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Recycle, Reuse, Repurpose


Pallets are used to construct a native bee 'hotel'. Photo: Mika Baumeister, Unsplash
Pallets are used to construct a native bee 'hotel'. Photo: Mika Baumeister, Unsplash

Recycle, reuse, or repurpose is a sustainable hardscape mantra.

Hardscape is an aspect of your garden that gives you the license to use your creativity and support sustainability at the same time. Search for nontoxic, sustainable products to build the backbone of your garden. Survey your garden and look for recycling opportunities. Let your creative juices flow!

Bricks and stone: Bricks and pavers, old and new cobblestones, all can be used in walkways and garden edging.

Cement chunks can be used in patios and retaining walls, keeping them out of our landfills.

Don’t overlook the obvious boulder or mid-sized rock for an interesting placement in the garden with small flowers and succulents.

Wall planters made of painted rubber tires. Photo: Unsplash
Wall planters made of painted rubber tires. Photo: Unsplash
Decorative elements in the hardscape such as trellises and support for climbing roses and arbors can be designed with water pipes, old beds, wire fencing, and other structures from the past. Let your imagination run wild!

A barrel, wagon, sink or tub can become a container for tomatoes or flowers. Anything that can be set upright can be a support for a vine or plant.

Bathtubs, sinks, and buckets make excellent ponds when sunk into the ground.  With a little care you can cultivate a rich ecosystem in your pond and attract frogs and toads that thrive on slugs and snails. Add some pond weed to keep the water clean. Old logs or pieces of wood will provide perches and help the frogs climb out.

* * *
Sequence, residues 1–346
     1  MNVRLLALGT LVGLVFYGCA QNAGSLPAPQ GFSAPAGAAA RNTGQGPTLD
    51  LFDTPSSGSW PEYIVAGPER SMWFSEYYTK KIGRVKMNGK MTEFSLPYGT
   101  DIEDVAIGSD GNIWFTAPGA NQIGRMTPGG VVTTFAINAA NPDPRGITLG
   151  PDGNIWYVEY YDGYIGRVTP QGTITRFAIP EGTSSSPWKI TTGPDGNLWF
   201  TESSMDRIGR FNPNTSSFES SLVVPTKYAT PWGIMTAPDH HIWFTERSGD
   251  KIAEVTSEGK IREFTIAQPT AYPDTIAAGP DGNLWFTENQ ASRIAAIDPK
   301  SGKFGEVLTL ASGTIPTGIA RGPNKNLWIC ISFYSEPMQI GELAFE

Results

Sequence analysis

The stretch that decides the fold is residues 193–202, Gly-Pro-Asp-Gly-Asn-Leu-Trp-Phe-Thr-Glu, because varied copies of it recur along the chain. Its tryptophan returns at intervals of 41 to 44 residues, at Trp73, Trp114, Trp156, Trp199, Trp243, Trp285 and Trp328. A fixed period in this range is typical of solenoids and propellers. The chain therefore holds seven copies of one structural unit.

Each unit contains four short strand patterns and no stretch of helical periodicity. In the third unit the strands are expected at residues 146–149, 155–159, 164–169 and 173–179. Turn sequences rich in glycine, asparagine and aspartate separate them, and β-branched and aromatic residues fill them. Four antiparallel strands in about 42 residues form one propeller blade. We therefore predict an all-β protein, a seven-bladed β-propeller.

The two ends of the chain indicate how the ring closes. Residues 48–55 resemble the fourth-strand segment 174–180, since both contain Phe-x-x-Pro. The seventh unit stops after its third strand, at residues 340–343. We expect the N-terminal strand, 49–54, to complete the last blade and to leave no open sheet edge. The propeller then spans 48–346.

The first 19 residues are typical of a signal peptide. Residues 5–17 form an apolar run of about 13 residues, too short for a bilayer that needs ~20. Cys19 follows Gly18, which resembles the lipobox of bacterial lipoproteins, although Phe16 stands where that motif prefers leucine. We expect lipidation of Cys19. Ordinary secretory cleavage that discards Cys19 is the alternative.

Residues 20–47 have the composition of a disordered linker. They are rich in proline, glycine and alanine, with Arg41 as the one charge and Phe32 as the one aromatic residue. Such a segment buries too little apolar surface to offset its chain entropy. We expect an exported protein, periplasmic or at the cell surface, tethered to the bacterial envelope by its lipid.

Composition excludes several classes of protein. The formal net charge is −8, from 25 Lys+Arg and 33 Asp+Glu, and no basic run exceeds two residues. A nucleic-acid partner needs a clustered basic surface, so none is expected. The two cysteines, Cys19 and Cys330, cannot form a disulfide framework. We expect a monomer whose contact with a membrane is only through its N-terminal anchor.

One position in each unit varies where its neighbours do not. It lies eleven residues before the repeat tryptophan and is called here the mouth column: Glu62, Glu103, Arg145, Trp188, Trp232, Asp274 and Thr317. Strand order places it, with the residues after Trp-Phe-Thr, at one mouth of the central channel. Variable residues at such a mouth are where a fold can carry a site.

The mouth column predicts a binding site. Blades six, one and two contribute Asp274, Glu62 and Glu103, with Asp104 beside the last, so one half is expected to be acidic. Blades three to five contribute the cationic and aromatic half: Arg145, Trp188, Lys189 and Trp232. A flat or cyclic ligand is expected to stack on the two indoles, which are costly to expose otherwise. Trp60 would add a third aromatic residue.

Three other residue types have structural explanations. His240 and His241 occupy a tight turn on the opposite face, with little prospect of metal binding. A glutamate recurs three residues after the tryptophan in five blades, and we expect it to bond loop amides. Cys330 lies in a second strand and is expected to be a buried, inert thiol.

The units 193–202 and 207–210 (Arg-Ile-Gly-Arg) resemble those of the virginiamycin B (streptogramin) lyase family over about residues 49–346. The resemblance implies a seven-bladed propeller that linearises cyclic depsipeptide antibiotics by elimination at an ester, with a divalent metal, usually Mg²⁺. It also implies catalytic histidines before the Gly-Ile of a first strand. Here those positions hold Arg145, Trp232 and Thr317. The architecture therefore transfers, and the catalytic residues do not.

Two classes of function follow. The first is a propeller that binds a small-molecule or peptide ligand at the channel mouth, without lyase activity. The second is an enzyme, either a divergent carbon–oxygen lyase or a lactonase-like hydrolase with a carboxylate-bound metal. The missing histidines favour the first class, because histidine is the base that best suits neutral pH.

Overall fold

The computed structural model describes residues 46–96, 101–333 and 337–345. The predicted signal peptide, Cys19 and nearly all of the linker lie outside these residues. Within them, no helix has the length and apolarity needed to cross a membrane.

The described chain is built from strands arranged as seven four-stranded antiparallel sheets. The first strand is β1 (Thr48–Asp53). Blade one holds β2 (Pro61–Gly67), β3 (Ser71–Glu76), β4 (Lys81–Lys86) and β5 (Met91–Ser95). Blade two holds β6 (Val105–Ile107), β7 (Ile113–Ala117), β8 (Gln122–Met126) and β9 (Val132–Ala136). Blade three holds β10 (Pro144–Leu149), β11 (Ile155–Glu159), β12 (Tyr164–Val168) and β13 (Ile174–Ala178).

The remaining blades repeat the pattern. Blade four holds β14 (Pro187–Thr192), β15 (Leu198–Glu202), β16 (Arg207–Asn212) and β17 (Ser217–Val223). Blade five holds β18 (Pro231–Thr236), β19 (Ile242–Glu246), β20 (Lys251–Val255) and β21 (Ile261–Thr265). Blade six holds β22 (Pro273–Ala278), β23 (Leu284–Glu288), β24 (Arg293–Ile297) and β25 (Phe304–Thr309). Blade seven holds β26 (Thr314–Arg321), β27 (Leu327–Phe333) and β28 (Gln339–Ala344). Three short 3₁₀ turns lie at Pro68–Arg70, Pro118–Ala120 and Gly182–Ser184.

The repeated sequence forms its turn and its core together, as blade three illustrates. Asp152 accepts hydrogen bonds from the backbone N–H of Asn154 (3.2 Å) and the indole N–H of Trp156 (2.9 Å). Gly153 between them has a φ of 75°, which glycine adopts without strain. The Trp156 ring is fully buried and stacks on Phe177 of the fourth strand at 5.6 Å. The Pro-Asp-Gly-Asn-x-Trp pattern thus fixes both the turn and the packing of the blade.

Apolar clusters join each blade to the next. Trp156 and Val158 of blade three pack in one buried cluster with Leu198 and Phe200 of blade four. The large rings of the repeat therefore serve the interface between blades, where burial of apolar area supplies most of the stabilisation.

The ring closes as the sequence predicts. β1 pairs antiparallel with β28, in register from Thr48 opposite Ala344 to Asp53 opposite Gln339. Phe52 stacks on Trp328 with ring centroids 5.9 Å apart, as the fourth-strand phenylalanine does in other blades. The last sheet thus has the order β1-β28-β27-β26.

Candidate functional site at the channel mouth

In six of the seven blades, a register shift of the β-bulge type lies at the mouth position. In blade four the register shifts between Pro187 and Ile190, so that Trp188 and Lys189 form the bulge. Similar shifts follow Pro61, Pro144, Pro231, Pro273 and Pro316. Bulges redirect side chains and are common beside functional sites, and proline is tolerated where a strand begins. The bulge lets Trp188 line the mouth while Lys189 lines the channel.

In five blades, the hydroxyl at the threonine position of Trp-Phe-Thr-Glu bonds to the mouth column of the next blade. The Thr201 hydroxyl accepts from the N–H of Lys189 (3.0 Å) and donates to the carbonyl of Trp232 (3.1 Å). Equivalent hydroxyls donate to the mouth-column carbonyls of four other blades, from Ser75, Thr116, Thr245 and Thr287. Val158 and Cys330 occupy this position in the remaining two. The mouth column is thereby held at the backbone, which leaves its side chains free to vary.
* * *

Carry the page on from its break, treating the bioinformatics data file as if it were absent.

Repurposed wood: Compost bins, cold frames, and structures to hold up netting can all be constructed from recycled, non-pressure treated wood.

Build a compost bin from pallets. Place four pallets on their edges for the sides, and bind together with strong garden wire twisted with pliers. Compost needs air which the gaps will allow to circulate.

Windows make great tops for home-made cold frames to protect tender plants from late autumn through to spring. Double-glazed windows offer more protection from frost and are usually sealed with good metal edges.  

Chicken wire and fencing can be formed into an upright circle around a few repurposed posts set into the ground to create an ideal bin for leaf composting.

Plastic bottles can make a mini-cloche by cutting off their bottoms. Place the bottle over small seedlings to protect them from harsh winds, slugs, and snails. Leave the top off the bottle to allow air to circulate. Remove the bottle once the plants are touching the sides.

Small yogurt containers can be sunk into the ground and filled with beer or other yeasty liquid to trap and drown slugs. 

Grapefruit skins and melon rinds make attractive overnight shelter for slugs and snails. Leaving a few inverted skins or rinds on the soil to attract them. In the morning, pick up the ‘shelter’ and dispose of the slugs. 

Use minimally processed materials.

The ecological and human health impacts of materials typically increase with each additional manufacturing phase. Materials that have reduced manufacturing and processing requirements often pose fewer environmental and human health risks.

Minimally processed materials include: Uncut stone, earth materials, wood, and bamboo.

Locally sourced materials reduce negative environmental impacts and can create a sense of place.

Local resources for reclaimed materials:

Develop a list of vendors in your area. Common suppliers include recycling centers, salvage stores, Habitat for Humanity, and websites like freecycle.org or craigslist.

Urban Ore in Berkeley annually diverts 8,000 tons from the landfill, re-circulating resources into the local economy and community "To End the Wage of Waste."